Published 6 December 2015
The Fair Work Commission has ordered MSS to remove a disciplinary warning from an employee’s records after a dispute was lodged under the workplace enterprise agreement.
The CFMEU, on behalf of its member, Ms Kerrielee Kendall notified of a dispute under section 739 of the Fair Work Act 2009 (Cth) and the CFMEU MSS Enterprise Agreement 2012. The dispute, which concerned Ms Kendall receiving a formal written warning for her behaviour and performance, initially went to conciliation, but was not resolved. The dispute resolution clause under the Enterprise Agreement specifically covered any matters arising in the course of employment as well as disputes in relation to the interpretation or application of the agreement.
Ms Kendall had worked for MSS since August 2012, and prior to that had worked at the same site under the previous contractors since 1993.
Eight performance issues had been raised by MSS Strategic Medical Pty Ltd (MSS) in relation to Ms Kendall’s performance, for which she was disciplined, including:
- Unsafe and unhygienic clinical approach to removing a splinter;
- Acting disrespectfully to another employee;
- Slamming a refrigerator door and storming out of a room;
- Remaining at work when she was unwell and should have gone home;
- Climbing on top of a water tank on a fire truck in breach of safety procedures;
- Acting inappropriately or improperly during the course of a team emergency response debrief;
- Providing an incorrect response concerning appropriate eye treatment at a tool box training session;
- Removing statistical information without authority and lying about removing it.
The CFMEU, on behalf of Ms Kendall, argued that the disciplinary action taken was disproportionate, particularly given her lengthy employment and unblemished performance history. The CFMEU further alleged that Ms Kendall had been subject to bullying behaviour by her manager and that MSS were targeting employees, including Ms Kendall, due to a proposed restructure.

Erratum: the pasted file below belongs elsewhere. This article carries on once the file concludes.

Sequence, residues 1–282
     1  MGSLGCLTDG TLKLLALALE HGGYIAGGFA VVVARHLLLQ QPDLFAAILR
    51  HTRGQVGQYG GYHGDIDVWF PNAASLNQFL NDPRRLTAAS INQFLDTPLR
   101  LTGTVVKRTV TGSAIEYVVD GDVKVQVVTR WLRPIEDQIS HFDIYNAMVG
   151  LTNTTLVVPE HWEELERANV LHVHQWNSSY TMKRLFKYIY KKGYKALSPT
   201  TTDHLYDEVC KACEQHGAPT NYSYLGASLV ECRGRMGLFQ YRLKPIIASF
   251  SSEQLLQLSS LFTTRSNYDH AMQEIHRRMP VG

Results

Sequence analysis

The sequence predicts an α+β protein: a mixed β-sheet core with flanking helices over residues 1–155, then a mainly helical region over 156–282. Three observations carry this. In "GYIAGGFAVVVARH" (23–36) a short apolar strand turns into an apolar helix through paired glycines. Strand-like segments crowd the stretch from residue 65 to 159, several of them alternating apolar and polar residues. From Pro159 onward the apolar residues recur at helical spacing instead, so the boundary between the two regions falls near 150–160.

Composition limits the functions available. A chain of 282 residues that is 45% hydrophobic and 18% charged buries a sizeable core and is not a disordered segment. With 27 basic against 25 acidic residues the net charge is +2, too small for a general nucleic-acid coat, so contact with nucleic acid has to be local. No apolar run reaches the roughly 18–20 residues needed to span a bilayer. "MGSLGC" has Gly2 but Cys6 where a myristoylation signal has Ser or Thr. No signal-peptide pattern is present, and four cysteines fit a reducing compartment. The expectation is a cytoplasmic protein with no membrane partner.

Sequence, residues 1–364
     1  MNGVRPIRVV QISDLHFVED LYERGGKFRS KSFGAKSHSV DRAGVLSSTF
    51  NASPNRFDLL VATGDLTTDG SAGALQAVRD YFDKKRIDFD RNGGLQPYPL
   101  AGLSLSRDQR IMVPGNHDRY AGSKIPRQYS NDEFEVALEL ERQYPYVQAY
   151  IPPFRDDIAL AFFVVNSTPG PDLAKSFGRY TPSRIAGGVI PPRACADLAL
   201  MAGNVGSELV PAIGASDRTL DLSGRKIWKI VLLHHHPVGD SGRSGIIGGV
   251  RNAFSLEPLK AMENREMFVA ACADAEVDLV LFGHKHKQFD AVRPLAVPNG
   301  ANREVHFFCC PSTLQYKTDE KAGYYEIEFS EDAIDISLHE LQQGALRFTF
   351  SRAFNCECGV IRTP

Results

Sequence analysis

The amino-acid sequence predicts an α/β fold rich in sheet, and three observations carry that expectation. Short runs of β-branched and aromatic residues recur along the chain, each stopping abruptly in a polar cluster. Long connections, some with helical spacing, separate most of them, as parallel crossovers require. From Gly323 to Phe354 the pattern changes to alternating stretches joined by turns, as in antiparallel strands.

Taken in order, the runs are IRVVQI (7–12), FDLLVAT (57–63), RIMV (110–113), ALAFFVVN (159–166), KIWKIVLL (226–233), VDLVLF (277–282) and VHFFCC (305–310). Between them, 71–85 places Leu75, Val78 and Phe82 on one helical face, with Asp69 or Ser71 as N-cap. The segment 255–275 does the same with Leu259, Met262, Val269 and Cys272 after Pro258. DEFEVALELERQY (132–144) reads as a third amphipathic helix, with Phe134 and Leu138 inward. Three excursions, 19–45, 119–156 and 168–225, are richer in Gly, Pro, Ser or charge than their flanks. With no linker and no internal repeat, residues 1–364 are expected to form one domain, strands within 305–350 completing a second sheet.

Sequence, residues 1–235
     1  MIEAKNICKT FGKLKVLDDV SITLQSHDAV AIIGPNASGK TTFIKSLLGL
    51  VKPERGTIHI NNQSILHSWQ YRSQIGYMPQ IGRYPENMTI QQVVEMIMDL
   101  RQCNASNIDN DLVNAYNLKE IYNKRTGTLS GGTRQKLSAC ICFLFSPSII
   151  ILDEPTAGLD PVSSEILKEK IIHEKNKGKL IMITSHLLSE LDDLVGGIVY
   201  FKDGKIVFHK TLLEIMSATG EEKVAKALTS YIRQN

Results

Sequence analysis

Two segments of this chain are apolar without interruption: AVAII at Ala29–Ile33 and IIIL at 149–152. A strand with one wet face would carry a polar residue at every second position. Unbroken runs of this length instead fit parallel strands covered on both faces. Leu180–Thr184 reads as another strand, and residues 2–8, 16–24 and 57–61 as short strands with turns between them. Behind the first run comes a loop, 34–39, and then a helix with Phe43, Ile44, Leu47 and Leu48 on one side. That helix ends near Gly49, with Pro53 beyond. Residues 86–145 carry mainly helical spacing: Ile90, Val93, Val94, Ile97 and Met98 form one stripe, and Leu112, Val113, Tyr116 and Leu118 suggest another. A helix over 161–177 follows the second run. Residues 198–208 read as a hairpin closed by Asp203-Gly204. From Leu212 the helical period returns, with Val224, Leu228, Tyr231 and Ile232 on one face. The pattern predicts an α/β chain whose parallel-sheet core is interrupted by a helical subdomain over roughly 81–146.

MSS agreed that the performance issues, when considered separately, were relatively minor in nature. However, it expressed that taken together and over the period in which they occurred, they showed a pattern of poor behaviour. They presented evidence that Ms Kendall had resisted informal feedback and coaching, which would have been the usual way to deal with such performance issues.
Commissioner Gregory at  acknowledged that ‘the Commission should not as a matter of course get involved in “second-guessing” decisions made by Managers in the exercise of their managerial responsibilities…the exercise of managerial prerogative should not be considered to have been exercised unreasonably if a reasonable person in the same position could have made the same decision.’
Commissioner Gregory found that the performance issues Ms Kendall was disciplined over were trivial in nature and that any issues were very recent in nature. It was held that matters had been revisited by MSS that had not attracted any concern at the time they occurred. Further, Ms Kendall was targeted in her performance in a manner that a reasonable person, in the same position, would not have decided given her behaviour.
Ultimately, Commissioner Gregory ordered that the written warning should be withdrawn by MSS and removed from Ms Kendall’s records. No findings were made about the allegations of bullying or restructuring.